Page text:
Staffing was augmented by allowing senior residents and fellows to take on new responsibilities with additional training and supervision. Noncritical care specialists received training to manage COVID-19 patients. Dr. Moitra emphasized the significance of the support and gratitude from the citizens of New York City that boosted the morale during this response.
ECHMO for the Epidemic-the Good, the Bad, the Lessons
Michael Nurok, MBChB, PhD, FCCM, Medical Director, Cardiac Surgery Intensive Care Unit at Cedars-Sinai Medical Center, explains the struggles faced when determining which critically-ill COVID-19 patient would receive ECMO during the pandemic. Prognostic uncertainty involves asking who will benefit from intensive care resources. Studies indicate that clinicians predicted very poorly which COVID-19 patients would benefit from these resources.
Dr. Nurok referenced several ethicists for examples of how to best make these decisions regarding care. Ethicist Immanuel Kant proposed decisions made by our obligations or duties. If care is needed, we should provide it regardless of resources. Utilitarian ethicist, Jeremy Bentham, proposed the theory of maximizing well-being. In other words, decisions are made based on the greater good of the entire population, not the individual. Prepandemic and pandemic allocation of intensive care resources shifted from considering profit and maximum support for the individual to considering availability of limited resources for the entire population.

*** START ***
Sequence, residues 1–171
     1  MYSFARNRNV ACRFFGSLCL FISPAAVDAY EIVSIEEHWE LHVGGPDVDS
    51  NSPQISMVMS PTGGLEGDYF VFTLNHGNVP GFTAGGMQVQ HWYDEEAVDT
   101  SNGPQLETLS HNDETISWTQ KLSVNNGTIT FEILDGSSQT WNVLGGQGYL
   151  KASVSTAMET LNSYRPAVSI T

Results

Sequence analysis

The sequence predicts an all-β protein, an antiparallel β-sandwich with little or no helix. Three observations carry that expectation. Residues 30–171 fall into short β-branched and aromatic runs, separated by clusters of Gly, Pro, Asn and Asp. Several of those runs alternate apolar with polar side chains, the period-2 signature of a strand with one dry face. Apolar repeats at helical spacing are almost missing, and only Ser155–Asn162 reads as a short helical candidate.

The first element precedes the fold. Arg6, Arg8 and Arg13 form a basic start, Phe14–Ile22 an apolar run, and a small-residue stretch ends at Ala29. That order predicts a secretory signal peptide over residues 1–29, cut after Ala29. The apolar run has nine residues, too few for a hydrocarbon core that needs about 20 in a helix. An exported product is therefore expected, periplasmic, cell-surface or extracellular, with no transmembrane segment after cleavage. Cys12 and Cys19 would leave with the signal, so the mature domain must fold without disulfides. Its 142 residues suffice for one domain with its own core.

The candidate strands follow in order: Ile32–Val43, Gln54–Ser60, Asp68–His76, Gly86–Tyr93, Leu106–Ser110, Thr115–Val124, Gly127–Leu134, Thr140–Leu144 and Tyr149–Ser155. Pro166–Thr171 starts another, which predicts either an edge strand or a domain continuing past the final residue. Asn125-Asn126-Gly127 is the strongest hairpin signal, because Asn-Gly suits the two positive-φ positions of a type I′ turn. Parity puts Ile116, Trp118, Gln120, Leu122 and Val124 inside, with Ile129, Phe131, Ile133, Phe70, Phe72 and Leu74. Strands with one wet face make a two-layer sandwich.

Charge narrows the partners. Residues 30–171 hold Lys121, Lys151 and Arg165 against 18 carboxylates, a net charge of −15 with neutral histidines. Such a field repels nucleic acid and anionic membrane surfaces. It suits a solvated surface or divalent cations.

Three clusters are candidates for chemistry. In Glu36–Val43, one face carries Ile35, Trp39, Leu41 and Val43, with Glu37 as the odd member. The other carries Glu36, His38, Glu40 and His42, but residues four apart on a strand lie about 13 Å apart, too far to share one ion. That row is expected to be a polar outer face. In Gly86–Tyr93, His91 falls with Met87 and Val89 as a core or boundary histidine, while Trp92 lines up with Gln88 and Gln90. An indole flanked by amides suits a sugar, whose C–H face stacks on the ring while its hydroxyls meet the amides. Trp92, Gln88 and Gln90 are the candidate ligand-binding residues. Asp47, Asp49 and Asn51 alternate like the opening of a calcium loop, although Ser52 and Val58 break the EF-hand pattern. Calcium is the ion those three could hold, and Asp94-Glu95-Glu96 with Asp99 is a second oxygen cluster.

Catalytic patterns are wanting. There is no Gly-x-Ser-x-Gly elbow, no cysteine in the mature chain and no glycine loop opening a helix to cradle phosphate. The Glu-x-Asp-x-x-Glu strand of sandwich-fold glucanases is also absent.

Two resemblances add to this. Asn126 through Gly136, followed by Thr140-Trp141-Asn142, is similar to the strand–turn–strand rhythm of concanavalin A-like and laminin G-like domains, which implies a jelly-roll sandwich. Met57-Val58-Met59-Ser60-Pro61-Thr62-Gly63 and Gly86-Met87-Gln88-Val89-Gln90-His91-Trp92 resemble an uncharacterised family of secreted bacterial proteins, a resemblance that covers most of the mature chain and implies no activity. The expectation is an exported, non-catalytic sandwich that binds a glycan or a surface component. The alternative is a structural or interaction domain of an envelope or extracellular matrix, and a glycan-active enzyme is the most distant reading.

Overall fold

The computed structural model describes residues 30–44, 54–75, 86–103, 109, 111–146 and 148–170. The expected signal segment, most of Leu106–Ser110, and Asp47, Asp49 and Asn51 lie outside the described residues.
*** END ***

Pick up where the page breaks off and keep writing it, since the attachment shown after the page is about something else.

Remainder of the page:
The proponents of ECMO use during the COVID-19 pandemic believed it provided better lung protection during ARDS and availability of circuits. Reasons against using ECMO were the need for increased staffing, space, and PPE to care for these patients. As COVID-19 cases increased, access to ECMO was restricted due to decreased availability of resources. Clinicians were placed in an uncomfortable position, determining who would benefit from these limited resources.
The Importance of Networking during a Global Pandemic
Early on, when the novel coronavirus was making headlines in China and Italy, clinicians searched for information on clinical presentation, patient management, and how to best prepare our medical infrastructure for this growing pandemic. Allison Dalton, MD, Associate Professor SOM of Anesthesia and Critical Care at The University of Chicago, delved into some of these findings during her presentation.
Networking opportunities provided information and idea sharing between clinicians from around the world that was critical in early preparation for COVID-19. In early 2020, networking provided information via personal contacts and email groups. By March, professional websites, organizations, online communities and social media were used to disseminate information. Several months later online training for nonintensivists, correspondence articles, and prepublication articles became available.
Networking during the pandemic taught us how continuous information sharing and networking within professional societies and the availability of free online resources during times of crisis can provide invaluable resources.